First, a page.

Let’s be real: Rejection hurts. It’s particularly hard if you’re denied for a mortgage preapproval, which is one of the biggest hurdles in the home-buying process.
Mike and Brittany Delgado know the feeling all too well.
In 2013, the couple tried to get a mortgage preapproval and were denied. Why? Mike’s credit report showed no history or FICO score.
“This was a surprise to us,” says Brittany Delgado, adding that her husband had paid off old debts, but the couple had never taken steps to re-establish his credit.
“Our lender outlined exactly what we needed to do and told us to start small — finance some furniture or a laptop — and make payments on time to build the credit back up. She warned us it would take a while.”
The Delgados’ experience is reflected in the results of NerdWallet’s Home Buyer Reality Report 2017.
“According to our research, borrowers who don’t understand the mortgage process or don’t know enough about their own credit history tend to hit obstacles or be rejected when applying for mortgages,” says Tim Manni, mortgage expert at NerdWallet.
“Educate yourself early about how to address the major issues that will prevent you from qualifying for the right loan or the best mortgage rates.”
To avoid getting denied on a mortgage preapproval, here are five steps to take before you fill out an application:
- Know where you stand. Review your credit report and check your FICO score to uncover any issues and determine if you need to build your score first. Calculate how much monthly debt you are carrying and how much you owe overall.
- Move quickly to fix mistakes. Contact the credit reporting agencies immediately if you see any incorrect or false information on your reports. Mortgage companies generally want loans to close on time, so they’ll pay credit agencies to update your credit report quickly with a rapid rescoring service, says Joey Abdullah, a mortgage planner with Fairway Independent Mortgage Corp. in Arvada, Colorado.
- Tackle debt head-on. Pay all of your bills on time and, if possible, in full every month. Learn which debts to pay down first to better your score quickly. For example, addressing delinquent collection accounts first usually has a more immediate impact on your credit score than paying down credit cards, says Steven Bogan, regional managing director of Glendenning Mortgage Corp. in Toms River, New Jersey. After you pay off delinquent accounts, make sure you have some good credit to show. If you don’t have an open credit card or loan, establish a new line of credit to build a positive payment history for your mortgage preapproval.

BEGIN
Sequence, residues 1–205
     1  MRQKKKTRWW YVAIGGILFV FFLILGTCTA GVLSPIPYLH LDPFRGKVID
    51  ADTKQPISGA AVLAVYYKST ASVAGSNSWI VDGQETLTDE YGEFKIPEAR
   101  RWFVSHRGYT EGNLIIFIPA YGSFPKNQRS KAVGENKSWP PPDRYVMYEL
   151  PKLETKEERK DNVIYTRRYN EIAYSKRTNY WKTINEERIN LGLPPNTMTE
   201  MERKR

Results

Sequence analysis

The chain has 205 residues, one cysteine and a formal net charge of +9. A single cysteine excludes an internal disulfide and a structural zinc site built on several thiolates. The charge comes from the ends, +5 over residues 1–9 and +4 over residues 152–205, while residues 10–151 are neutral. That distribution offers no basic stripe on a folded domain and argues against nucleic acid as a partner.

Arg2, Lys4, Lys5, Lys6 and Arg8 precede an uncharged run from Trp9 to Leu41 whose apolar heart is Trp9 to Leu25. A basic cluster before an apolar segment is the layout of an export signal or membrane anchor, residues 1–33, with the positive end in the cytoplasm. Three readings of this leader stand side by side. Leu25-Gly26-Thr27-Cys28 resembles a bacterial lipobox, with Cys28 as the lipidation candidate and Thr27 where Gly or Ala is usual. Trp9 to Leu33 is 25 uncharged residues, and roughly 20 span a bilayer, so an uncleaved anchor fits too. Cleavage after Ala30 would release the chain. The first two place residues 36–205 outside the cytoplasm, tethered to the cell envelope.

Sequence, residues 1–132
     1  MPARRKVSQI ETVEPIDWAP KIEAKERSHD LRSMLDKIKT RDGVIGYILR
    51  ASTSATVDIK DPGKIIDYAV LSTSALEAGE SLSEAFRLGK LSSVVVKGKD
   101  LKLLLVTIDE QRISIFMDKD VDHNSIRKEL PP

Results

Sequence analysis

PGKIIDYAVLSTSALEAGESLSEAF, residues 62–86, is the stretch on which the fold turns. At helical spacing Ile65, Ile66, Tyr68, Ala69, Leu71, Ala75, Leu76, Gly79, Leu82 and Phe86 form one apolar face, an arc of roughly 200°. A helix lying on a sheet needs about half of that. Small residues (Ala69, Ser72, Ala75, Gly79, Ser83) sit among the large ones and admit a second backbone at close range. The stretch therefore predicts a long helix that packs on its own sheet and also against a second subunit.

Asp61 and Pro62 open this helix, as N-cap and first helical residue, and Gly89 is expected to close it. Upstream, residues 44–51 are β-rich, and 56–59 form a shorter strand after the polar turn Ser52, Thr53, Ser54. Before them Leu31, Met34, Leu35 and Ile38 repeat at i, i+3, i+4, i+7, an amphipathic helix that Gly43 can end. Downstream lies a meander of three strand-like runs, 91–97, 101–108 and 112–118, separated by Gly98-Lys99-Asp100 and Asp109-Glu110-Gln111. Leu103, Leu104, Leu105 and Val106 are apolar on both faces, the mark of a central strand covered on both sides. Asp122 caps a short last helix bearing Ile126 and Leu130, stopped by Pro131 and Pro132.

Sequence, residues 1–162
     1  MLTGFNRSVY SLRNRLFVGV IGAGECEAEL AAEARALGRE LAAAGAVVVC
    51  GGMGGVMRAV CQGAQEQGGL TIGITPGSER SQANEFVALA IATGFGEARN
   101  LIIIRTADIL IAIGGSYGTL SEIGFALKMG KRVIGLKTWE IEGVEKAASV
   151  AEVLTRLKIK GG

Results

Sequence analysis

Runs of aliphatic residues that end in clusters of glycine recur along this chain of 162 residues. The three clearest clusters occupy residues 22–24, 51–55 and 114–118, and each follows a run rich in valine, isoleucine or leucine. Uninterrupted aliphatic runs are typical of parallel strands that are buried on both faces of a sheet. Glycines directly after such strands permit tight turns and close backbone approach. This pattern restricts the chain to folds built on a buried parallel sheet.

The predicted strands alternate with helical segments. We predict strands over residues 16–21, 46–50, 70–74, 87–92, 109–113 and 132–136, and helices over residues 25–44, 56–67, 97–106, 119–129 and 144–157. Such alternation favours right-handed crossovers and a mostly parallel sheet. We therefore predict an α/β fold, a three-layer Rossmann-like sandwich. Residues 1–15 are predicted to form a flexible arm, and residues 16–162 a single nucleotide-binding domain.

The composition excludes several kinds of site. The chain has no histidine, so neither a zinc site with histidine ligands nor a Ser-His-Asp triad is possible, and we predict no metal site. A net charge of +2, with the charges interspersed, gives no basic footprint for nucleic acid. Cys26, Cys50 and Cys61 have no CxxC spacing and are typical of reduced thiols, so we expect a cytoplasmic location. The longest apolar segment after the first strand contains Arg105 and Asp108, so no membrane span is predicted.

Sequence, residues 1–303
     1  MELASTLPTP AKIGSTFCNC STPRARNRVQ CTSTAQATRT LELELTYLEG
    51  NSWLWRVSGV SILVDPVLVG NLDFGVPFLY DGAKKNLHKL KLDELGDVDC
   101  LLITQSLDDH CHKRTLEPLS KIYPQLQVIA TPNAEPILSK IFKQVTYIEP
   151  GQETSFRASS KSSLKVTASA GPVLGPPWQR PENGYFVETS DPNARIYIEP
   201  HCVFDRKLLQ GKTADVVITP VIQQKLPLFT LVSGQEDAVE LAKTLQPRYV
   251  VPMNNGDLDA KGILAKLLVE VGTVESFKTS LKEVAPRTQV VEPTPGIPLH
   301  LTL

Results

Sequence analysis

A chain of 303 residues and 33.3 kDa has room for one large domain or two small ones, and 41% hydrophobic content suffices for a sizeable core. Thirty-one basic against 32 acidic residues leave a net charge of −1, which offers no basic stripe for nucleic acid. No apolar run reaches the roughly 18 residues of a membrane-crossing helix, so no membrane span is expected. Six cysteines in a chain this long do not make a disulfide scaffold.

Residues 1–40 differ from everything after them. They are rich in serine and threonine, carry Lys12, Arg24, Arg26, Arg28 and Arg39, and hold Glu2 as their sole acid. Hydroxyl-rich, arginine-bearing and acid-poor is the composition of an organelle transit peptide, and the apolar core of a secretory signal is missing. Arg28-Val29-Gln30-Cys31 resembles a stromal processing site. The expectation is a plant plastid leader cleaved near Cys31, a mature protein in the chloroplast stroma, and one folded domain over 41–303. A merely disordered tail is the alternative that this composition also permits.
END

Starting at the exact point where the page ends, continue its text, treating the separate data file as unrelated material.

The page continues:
- Show consistent income over time. Your mortgage lender will want two years’ worth of tax returns and bank statements to show consistent income deposits. This can trip up a lot of borrowers, Abdullah says. First of all, if you earn most of your income from hourly wages, commissions or bonuses, or if you’re self-employed, you’ll need to provide two years of income documentation to your lender, Abdullah says. Expect to show your bank statements, pay stubs, tax returns and other financial paperwork. “Mortgage companies don’t go off your reality, and we don’t look at gross income but rather usable income [from tax returns],” Abdullah says.
- Rein in spending, create a budget and stick to it. It’s crucial to control your monthly spending and avoid large purchases (like a car) to lower your debt-to-income ratio and qualify for better interest rates. Don’t forget about those inevitable maintenance and repair costs that come with homeownership; having a budget, as well as an emergency fund, is important for the long haul.
Bottom line if you fail a mortgage preapproval
Even if you are denied a mortgage, don’t lose heart, says Brittany Delgado. It took her husband two years to build up his credit. First, he financed a laptop and paid it off over 12 months. Then, he opened a credit card with a small limit, which was increased after several months of on-time payments.
Those efforts paid off. The couple was easily preapproved in 2015 for a USDA loan for a newly built home outside of Austin, Texas, where they now live with their two young sons.
“We had always dreamed of being homeowners, and we didn’t want to pay rent forever,” Delgado said. “It’s why we uprooted our family to come to Texas from California, leaving our family and everything behind. Always keep the big picture in mind.”